Kids are back in school…. Now what?
All summer long, we heard you say, “I have the kids, my day’s are full! There is no way I can get to the gym!”
What will your excuse be this week? NOT! No more excuses! Let’s get this done! Fat is just building up in your body getting ready to take over your organs!
Let’s drop off the kids and drop off some pounds!
Are you there yet? Motivated? Ready to rock? Yeah I heard that!
Look, I get it, I raised two of them on my own – I know what it’s like – Now I have a big one! A REALLY Big one His 6’0 240# 20”Bicep frame doesn’t take kindly to a little soft scrambled egg whites and a muffin…. I’m up at 4:50 am each morning making him his hearty breakfast – so don’t start with me…. You won’t win! LOL!
I have mastered the 10 minute breakfast – You got it – I do it all – Pancakes, bacon, sausage, waffles, eggs, breakfast burritos, etc. It can be done – and it MUST be FRESH! You can do it!!!! You just have to make up your mind to do it!
But not to overwhelm you… let’s just do something to get the sleep out of the eyes of our kiddos – and something you can stick in your mouth as you cuss me on your way to the gym….
A healthy, QUICK breakfast –
Fruit and Cheese
A balanced, easy-to-assemble make-ahead morning meal: Grab an apple, wrap 1 to 2 ounces of Cheddar in plastic, and toss ¼ cup of fiber- and protein-rich walnuts into a resealable plastic bag.
Peanut Butter Waffle
Instead of dousing a whole-grain or bran toaster waffle in syrup, cut the sugar and boost the protein and fiber by spreading it with 2 tablespoons of peanut butter. You can also sprinkle on 1 tablespoon of raisins, sesame seeds, or extra peanuts for even more fiber, which helps deliver the meal’s nutrients slowly and steadily.
Plain Doughnut With Chocolate Milk
A plain cake-style doughnut is usually a better choice than a bakery muffin. At Dunkin’ Donuts, for instance, an old-fashioned doughnut has 280 calories, while a corn muffin has 510 calories. Add fiber by eating ¼ cup of almonds or dried fruit. Instead of coffee, try 8 ounces of low-fat chocolate milk.
In a cocktail shaker, combine a packet of vanilla or strawberry instant-breakfast powder (look for the no-sugar-added kind, such as Carnation) and 1 cup of low-fat strawberry cow’s milk or soy milk. (You can also mix this the night before.) If you have time, use a blender to add strawberries or a frozen banana, for extra fiber, and a scoop of protein powder.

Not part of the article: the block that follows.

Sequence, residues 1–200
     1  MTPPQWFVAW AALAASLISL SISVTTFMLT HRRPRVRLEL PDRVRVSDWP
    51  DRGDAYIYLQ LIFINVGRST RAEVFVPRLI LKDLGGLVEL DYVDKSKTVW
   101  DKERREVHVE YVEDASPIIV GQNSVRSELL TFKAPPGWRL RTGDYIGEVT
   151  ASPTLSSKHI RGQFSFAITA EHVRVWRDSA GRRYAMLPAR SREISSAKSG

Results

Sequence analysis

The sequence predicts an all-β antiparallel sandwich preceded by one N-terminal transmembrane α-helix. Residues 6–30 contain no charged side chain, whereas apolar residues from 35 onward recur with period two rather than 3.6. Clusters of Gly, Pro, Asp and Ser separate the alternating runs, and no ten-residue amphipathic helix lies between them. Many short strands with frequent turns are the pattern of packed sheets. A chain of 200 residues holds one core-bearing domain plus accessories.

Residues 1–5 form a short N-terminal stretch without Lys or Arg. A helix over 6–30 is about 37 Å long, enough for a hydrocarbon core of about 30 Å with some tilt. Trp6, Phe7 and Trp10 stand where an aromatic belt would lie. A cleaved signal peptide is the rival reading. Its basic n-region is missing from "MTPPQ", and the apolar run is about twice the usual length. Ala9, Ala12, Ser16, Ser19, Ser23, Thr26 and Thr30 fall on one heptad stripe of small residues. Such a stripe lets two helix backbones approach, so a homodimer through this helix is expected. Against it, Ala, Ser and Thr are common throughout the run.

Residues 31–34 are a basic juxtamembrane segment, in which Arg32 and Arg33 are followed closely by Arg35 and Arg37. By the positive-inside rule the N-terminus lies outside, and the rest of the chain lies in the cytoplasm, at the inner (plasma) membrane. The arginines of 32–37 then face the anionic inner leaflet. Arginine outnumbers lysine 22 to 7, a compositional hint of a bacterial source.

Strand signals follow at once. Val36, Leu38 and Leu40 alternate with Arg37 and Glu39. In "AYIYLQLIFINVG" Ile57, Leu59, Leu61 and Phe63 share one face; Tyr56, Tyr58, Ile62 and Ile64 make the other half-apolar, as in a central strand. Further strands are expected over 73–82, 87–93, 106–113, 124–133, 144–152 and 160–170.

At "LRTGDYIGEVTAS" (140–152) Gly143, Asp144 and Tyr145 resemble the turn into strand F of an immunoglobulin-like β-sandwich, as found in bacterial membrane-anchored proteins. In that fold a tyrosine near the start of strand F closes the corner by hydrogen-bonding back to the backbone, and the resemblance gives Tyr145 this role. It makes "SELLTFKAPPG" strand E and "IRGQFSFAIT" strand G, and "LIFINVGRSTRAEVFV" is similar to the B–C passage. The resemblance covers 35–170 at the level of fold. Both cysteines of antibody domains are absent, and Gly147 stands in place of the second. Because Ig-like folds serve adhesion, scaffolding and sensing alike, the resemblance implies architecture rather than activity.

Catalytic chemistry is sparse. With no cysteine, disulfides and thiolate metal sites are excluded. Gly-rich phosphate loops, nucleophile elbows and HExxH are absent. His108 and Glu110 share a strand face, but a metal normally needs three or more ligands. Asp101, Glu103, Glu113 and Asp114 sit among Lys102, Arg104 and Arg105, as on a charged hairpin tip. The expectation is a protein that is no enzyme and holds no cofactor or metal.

You could have a slice of last night’s pizza (it’s preferable to filling up on sugar or skipping breakfast). Or you could try a more sophisticated spin: Take a slice of crusty bread, spread it with 3 tablespoons of low-fat ricotta, and add tomatoes. Finish with a drizzle of olive oil (about 1 teaspoon) and a little salt and pepper. Broiling is optional.
To substitute for a meal, an energy bar should have at least 3 to 5 grams of fiber and 10 grams of protein. Odwalla, Kashi GoLean, and TruSoy are all good options. Because cereal bars rarely have more than 2 grams of protein, kids might be better off adding a stick of Go-Gurt! and a sleeve of peanuts.
Yes, you read that right. If you must eat fast food in the morning, get an Egg McMuffin at McDonald’s. At 300 calories, it’s not an outrageous meal. Plus it has a good amount of lean protein from the egg and the Canadian bacon. To trim empty calories, remove the top half of the muffin. For additional fiber, add a fresh orange.
A bowl of fiber-rich bran flakes (about 1½ cups) with 8 ounces of low-fat milk is nearly the perfect breakfast. Make it portable by replacing the milk with lemon or vanilla yogurt and mixing it in a to-go container. Increase the fiber and vitamins by adding ¼ cup of nuts or fresh or dried fruit, such as chopped pecans or blueberries.
One of the most portable proteins is a hard-cooked egg, but it has no fiber or carbohydrates. So slice it, then roll it in an 8-inch whole-wheat tortilla with a piece of Canadian bacon or lean ham and, if you like, a ½-ounce slice of cheese. Add a tablespoon of salsa for a shot of flavor and a smidgen of vitamin C.